On Churches and Money sent to Rome

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posted on Mar, 25 2013 @ 08:34 PM
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Does anyone know how much each church must send to Rome? Is it a percentage? How much of a percentage?




posted on Mar, 25 2013 @ 09:16 PM
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reply to post by jiggerj
 


It is not that easy! Churches send all their money to the Diocese. The Diocese send the clergy a stipend or pocket money if you will.

Each Diocese have investment Portfolios to add to or draw from. It is only the Arch Bishops and such that would be able to answer this sort of question.

Then there are all of the 'Charities.' These all go by different names like the Salvation Army. These also have large property holdings in Portfolios and much the same things happen.

Every Priest, Brother and Nun live in houses and all of these houses are owned outright by the Church via some form of holding company. They invest in office buildings and other major assets, most of which cannot be traced directly to them. The sheer wealth on a global scale is staggering!

Hope that helps a little. You will never get a straight answer and you will never get a truthful answer. It also varies country to country.

P



posted on Mar, 25 2013 @ 11:08 PM
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Discloser: I'm on the finance committee of a Catholic parish, and was a year ago on the finance committee of a Protestant parish (I converted from United Methodist to Roman Catholic in April 2012. You get about a ten minute reprise from being on the finance committee once they know your expertise, lol.)

There is surprisingly little difference between the two -- both provide expenses and salary to the pastor/priest, and both send a set amount (based on the size of the congregation) to the higher level of administration (diocese, in the Catholic side, district, in the Protestant side.)

The Catholic side occasionally has "Second Offerings", which is money that is raised separate from parish finances, and is dedicated to a specific cause. My Protestant church had something similar, a half-dozen named offerings for world missions of various sorts.

My parish doesn't have an attached nunnery or monastery, so that probably figures in, but otherwise, it's remarkably similar.

I'm happy to answer direct questions, regarding either side of finances, as best I can.



posted on Mar, 26 2013 @ 08:54 AM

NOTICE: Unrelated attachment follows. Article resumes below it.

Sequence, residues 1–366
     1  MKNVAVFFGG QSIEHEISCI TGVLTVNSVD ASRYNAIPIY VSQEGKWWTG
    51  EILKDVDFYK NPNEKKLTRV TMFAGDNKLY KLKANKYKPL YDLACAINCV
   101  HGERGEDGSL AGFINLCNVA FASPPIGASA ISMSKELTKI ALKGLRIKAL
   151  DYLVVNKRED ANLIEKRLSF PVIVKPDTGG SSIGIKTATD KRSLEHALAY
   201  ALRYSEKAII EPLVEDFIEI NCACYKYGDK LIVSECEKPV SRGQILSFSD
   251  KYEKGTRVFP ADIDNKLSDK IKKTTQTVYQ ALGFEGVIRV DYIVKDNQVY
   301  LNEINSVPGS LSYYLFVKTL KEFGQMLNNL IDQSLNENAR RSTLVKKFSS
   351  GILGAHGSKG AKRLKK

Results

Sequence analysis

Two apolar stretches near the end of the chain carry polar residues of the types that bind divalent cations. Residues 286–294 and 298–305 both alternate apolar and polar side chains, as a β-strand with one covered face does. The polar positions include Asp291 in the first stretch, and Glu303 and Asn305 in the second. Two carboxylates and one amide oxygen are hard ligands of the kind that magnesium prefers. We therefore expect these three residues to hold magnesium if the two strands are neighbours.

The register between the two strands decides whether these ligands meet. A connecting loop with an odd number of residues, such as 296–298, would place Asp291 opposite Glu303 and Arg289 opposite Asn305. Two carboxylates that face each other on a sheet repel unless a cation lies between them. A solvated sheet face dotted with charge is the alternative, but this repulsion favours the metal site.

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reply to post by pheonix358
 

Allow me to correct some of your errors there, please



Originally posted by pheonix358
reply to post by jiggerj
 


It is not that easy! Churches send all their money to the Diocese. The Diocese send the clergy a stipend or pocket money if you will.

No, that is not correct. The church maintains its own budget and pays the local priest(s), lay employees and any other attached clergy directly. A set amount is paid to the archdiocese monthly, which "trickles up" and helps to pay for everything from the support of local, non-attached clergy, to missions and diocese projects, to ivory backscratchers for the Pope*.

(* - that's a joke, by the way
)


Each Diocese have investment Portfolios to add to or draw from. It is only the Arch Bishops and such that would be able to answer this sort of question.

Yes, that's true, and I haven't been involved in church finances long enough to know how transparent the holdings of the archdiocese are, though as a tax exempt charitable organization (at least in the United States,) it's likely far more transparent than you represent. Locally, the finances, including investment holdings, of the church are open to inspection by anyone who wants to look, though no one ever does, because anyone who knows anything about accounting gets roped into the Finance Committee, lol.


Then there are all of the 'Charities.' These all go by different names like the Salvation Army. These also have large property holdings in Portfolios and much the same things happen.

The Salvation Army is not a Catholic charity -- it is, in fact, a Protestant religion. There are, of course, a lot of different charities that are under the Catholic umbrella, but that's due more to the structure of the church (see below.)


Every Priest, Brother and Nun live in houses and all of these houses are owned outright by the Church via some form of holding company.

The local clergy lives in a building called a rectory, which is owned by the local parish, a legal entity.

Monks, friars, nuns and all other non-attached clergy either live in their own homes or they live in buildings that are maintained by their orders. Much of the church is organized by different orders, or groups, which have their own assets, mostly fund themselves, and generally have different missions. Some groups are the Jesuits, Franciscan, Benedictines and Dominicans.

Yes, the Roman Catholic Church is a very wealthy organization, as one might expect from an institution that has been receiving donations for 2,000 years, but the majority of that wealth is in assets that cannot be just sold off arbitrarily, like artwork or real estate (the church sees themselves as custodians, rather than owners, of the former, and the latter is mostly churches, cemeteries and associated buildings that cannot be disposed of easily.)